Step Count Challenge Encourages Scottish Workforce to be More Active
Scotland’s walking charity is doing its bit to improve the country’s health after a recent study found that, no matter how hard you hit the gym after work, being sedentary between 9 to 5 will still harm your health.
Paths for All is urging people to get involved in its Autumn Step Count Challenge, in a bid to get the nation’s workforce to incorporate walking habits into their daily routines.
The four-week challenge encourages Scottish workplaces to walk more and feel the difference. Teams of five are invited to record their steps and improve their total count each week.
Figures from this month’s Scottish Government’s Household Survey found that one fifth of Scotland’s general population was failing to participate in any form of physical activity and 30 per cent of adults didn’t walk for at least 30 minutes a day.
Ian Findlay, Chief Officer at Paths for All, said: “While it’s very positive to see that the majority of the public are doing the recommended amount of exercise, it’s important that, to experience the real benefits, we all do more than the bare minimum.
“For a healthy lifestyle, walking should be part of everyday life – and this means incorporating it into our daily working routines. Walking to work, walking on your lunch break or even just taking the stairs instead of the lift can all have a huge impact.
“A physically active workforce takes up to 27 per cent fewer sick days, so when you look at it like that, the Step Count Challenge really is an investment for companies – it’s in everyone’s benefit.”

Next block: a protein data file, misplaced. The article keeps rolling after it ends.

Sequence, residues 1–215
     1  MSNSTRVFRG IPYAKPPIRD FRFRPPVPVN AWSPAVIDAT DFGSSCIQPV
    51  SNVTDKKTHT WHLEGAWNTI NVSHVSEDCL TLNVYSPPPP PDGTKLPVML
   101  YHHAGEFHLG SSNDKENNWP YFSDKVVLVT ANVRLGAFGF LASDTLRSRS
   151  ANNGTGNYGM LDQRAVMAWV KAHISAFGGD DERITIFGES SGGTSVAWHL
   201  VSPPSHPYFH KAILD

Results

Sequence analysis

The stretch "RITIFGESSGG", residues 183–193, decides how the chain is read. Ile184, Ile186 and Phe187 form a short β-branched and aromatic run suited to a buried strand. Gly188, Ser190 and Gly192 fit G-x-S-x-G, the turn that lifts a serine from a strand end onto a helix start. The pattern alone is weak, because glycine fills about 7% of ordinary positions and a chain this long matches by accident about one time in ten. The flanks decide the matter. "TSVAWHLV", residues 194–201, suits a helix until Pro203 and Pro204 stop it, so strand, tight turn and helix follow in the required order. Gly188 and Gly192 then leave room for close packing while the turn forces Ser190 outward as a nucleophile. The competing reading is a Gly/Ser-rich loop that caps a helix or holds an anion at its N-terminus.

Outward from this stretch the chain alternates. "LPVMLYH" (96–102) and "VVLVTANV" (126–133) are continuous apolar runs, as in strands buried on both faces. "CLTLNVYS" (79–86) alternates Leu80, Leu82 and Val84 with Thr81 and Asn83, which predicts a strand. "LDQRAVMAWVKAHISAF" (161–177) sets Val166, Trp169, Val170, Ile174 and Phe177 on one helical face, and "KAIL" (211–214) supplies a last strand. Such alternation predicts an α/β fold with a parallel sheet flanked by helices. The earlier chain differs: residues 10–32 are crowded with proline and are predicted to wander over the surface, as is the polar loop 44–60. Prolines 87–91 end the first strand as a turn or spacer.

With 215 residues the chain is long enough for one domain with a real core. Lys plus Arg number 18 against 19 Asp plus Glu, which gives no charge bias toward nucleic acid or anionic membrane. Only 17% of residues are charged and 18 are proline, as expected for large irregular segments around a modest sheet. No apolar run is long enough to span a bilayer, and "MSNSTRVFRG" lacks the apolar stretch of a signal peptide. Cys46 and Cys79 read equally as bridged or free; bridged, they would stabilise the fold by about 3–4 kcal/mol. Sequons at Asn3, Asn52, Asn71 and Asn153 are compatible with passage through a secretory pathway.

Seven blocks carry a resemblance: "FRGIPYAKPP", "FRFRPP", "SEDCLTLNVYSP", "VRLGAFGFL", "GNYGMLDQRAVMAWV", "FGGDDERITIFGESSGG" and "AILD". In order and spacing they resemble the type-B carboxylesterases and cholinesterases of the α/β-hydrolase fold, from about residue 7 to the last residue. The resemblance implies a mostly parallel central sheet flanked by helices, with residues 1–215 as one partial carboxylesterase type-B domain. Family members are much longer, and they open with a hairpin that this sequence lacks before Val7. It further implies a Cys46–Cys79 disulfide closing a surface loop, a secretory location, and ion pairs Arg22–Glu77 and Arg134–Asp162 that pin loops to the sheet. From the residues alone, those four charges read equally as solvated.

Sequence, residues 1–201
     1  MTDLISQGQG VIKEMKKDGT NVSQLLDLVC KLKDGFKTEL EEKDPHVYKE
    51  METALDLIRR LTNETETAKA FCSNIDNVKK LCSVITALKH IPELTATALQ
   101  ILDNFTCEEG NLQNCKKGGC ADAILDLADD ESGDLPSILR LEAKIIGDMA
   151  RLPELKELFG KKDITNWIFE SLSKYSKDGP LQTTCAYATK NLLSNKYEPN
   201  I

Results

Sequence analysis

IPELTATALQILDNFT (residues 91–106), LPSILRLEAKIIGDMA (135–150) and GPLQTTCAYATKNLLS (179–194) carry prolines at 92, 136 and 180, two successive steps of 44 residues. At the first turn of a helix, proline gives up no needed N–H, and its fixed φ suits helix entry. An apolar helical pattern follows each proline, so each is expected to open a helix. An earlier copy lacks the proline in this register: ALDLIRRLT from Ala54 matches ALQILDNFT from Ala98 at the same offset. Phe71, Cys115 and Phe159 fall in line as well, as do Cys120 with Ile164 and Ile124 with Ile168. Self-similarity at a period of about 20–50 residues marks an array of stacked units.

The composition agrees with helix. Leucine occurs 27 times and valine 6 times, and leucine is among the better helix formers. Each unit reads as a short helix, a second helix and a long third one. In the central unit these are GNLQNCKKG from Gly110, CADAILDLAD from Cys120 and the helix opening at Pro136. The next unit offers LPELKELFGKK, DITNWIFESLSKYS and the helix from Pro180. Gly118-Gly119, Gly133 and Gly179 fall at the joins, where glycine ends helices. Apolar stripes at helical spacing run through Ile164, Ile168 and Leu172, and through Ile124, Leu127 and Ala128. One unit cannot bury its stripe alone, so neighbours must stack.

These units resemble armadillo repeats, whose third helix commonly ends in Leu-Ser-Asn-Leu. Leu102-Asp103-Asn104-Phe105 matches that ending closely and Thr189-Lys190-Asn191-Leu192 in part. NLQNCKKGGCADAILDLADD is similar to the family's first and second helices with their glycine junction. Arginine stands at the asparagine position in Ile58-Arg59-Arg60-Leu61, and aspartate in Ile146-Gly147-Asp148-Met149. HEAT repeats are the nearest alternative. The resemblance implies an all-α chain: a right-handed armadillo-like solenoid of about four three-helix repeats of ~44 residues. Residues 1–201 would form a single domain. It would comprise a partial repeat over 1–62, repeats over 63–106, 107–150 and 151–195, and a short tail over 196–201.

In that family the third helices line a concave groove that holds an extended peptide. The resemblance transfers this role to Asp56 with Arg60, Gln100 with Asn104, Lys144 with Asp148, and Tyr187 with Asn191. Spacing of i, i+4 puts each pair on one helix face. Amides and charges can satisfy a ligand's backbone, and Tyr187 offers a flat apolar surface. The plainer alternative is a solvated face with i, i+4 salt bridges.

Paths for All’s Step Count Challenge will begin on October 29 and teams can sign up now.
Over 3300 people took part in the Spring Step Count Challenge, forming around 200 teams.
Ian added: “Individuals are set manageable goals, with weekly targets being gradually increased. Steadily introducing walking into your everyday routine should make it easier to make this important change.
“Those who took part last year reported the challenge as helping to build team morale in the workplace and improvements to both physical and mental health were reported.”
According to the Scottish Household Survey, participation rates of everyday, recreational walking have improved year-on-year, with 2017 seeing a two per cent rise in physical activity on the previous year.
Ian added: “Paths for All is committed to maintaining this momentum. We hope that, within the next few years, our efforts will result in even more people walking every day – and recognising and feeling the benefits of it.
“The Step Count Challenge is a fun opportunity for workplaces to get more active, with lots of competitions and prizes for those taking part happening throughout the four weeks.
“Teams can to increase the amount they walk at their own pace – but the element of competition makes it fun along the way.”
Groups can register for £30 each – and more than one team per workplace can get involved. More information about the Step Count Challenge, and on how to sign up, can be found by visiting www.stepcount.org.uk.
Paths for All works with the Scottish Government and 30 partners to support and deliver national policies, such as the National Walking Strategy and ‘active travel’ initiatives.
The charity donates thousands of pounds worth of grants to worthwhile projects that improve health, promote walking and improve environments for people to be active in.
 “Patterns of Sedentary Behavior and Mortality in U.S. Middle-Aged and Older Adults. A National Cohort Study.” K.M. Diaz, V.J. Howard, B. Hutto, N. Colabianchi, J.E. Vena, M.M. Safford, S.N. Blair, and S.P. Hooker. – 2017